What is it?
Gestational diabetes mellitus (GDM) is diagnosed in an estimated 12% – 14 % of pregnancies. It occurs when the body is unable to keep blood glucose levels within normal ranges.
A quick lesson in carbohydrate metabolism to get you up to speed with what this actually means:
Through the process of digestion, carbohydrates found in foods we consume (think milk, legumes, breads, rice, veg, fruit to ice cream, lollies, pastries, pizza) are broken down into a smaller, more usable form of currency called glucose. When glucose hits the bloodstream, the pancreas secretes a hormone called insulin. Its job is more or less to chaperone the glucose into neighbouring cells. It does so by ‘unlocking’ the cell to allow glucose in. This allows cells to use glucose for energy.
In the case of GDM, hormones produced by the placenta disrupt the action of insulin, causing a backlog of glucose in the bloodstream. This occurs for one of two reasons. Either there is not enough insulin being secreted by the pancreas to clear the chaperone the glucose into cells, or the cells that take up the glucose aren’t unlocking in response to insulin.
What are the risks of GDM?
Untreated GDM can lead to complications during pregnancy, including early delivery, distress for the baby during birth, large baby, and low blood glucose in baby at birth.
The good news is that GDM generally resolves after giving birth when a woman’s hormones return to normal.
Am I likely to get it and how will I know?
The risk of developing GDM is increased with:
- Age at conception
- If you had GDM during a previous pregnancy
- A family history of type 2 diabetes or first degree relative who has had GDM
- Rapid weight gain during first half of pregnancy
- Being above a healthy a weight at time of conception
- Melanesian, Polynesian, Indian subcontinent, Middle Eastern or Asian background
Most women will not have symptoms with GDM and may be surprised to discover they have it at all. All pregnant women will have an oral glucose tolerance test (OGTT) between 24 and 28 weeks gestation. This involves drinking a solution of glucose equivalent to 12 tsp of sugar, the same amount you would find in 700ml coke! Your blood glucose levels will be measured before the test (fasting) and at various time intervals after drinking the glucose solution. GDM is confirmed if your blood glucose levels remain above the normal range at any of these testing intervals.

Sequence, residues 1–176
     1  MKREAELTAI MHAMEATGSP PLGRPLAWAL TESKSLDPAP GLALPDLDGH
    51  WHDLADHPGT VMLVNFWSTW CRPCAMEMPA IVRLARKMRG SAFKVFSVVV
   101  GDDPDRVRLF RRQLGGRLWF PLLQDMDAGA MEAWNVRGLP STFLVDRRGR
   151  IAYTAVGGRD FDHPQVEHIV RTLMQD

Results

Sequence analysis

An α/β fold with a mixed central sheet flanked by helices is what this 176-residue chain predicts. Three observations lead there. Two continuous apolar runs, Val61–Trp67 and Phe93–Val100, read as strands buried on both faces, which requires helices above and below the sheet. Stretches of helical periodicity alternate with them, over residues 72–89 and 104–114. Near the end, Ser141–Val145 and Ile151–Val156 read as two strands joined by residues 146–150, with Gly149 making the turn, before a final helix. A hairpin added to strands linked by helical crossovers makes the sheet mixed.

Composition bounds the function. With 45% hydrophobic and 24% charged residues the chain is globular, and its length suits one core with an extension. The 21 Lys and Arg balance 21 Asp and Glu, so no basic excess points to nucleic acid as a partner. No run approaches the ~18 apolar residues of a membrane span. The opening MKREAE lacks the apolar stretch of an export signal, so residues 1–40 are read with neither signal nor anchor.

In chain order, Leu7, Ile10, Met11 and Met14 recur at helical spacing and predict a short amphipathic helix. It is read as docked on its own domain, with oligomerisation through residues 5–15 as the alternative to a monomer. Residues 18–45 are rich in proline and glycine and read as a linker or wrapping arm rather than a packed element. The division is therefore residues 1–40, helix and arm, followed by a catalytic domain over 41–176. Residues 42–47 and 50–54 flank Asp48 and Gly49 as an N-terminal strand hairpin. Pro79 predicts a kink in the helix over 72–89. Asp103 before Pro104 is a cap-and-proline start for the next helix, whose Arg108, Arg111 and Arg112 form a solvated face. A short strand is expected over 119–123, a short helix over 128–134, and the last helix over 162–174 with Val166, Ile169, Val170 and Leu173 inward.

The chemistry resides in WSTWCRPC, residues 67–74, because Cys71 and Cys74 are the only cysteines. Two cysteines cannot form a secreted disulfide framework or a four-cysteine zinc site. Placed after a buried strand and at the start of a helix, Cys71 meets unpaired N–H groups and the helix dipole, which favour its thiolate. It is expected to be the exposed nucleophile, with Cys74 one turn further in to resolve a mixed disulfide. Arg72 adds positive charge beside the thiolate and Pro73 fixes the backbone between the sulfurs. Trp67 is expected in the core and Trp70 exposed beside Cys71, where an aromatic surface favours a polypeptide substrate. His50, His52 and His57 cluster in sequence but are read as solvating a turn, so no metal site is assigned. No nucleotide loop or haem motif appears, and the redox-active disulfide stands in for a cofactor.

How can I manage it?
The good news is it is possible to keep your blood glucose levels within a normal range throughout pregnancy and have a perfectly safe birth and healthy bub. This requires regular monitoring of blood glucose levels and modifications to diet and lifestyle. In some women, diabetes medications, or insulin may be needed to keep blood glucose levels within target ranges. Where diagnosis is confirmed, your GP or care provider will link you in with a diabetes educator and dietitian to help you make these changes.
What dietary changes and I going to have to make?
Generally speaking – the type and amount of carbohydrate containing foods consumed will need to be modified to keep your blood glucose levels within your target range. This will be individualised to you.
And no, this doesn’t mean you have to give up chocolate or ice cream entirely, your dietitian will teach you how to include these foods in a healthy way.
Some general health eating and lifestyle tips for managing GDM
- Swap refined sources of grains/cereals e.g. white rice, rice cakes, many breakfast cereals, pizza, pastries, muffins, for whole grain alternatives such as brown rice, quinoa, oats, grainy/seedy crackers, grainy breads.
- Base ½ your meal on low carbohydrate veg/salad (e.g cauli, broccoli, zucchini, capsicum, carrot, mixed leaves beetroot)
- Get to know your food labels to avoid sneaky added sugars. A good rule of thumb is to look for products that contain < 10g sugar per 100g
- 100% real fruit juices may seem ‘healthy’ but they often contain upwards of 5 tsp sugar per glass. Go for a veggie-based juice instead.
- Exercise improves the action of insulin, so aim to move for 30-45 minutes a day at a pace that is safe and comfortable for you. This can be split up throughout the day.
Written by Hannah Wilson, Dietitian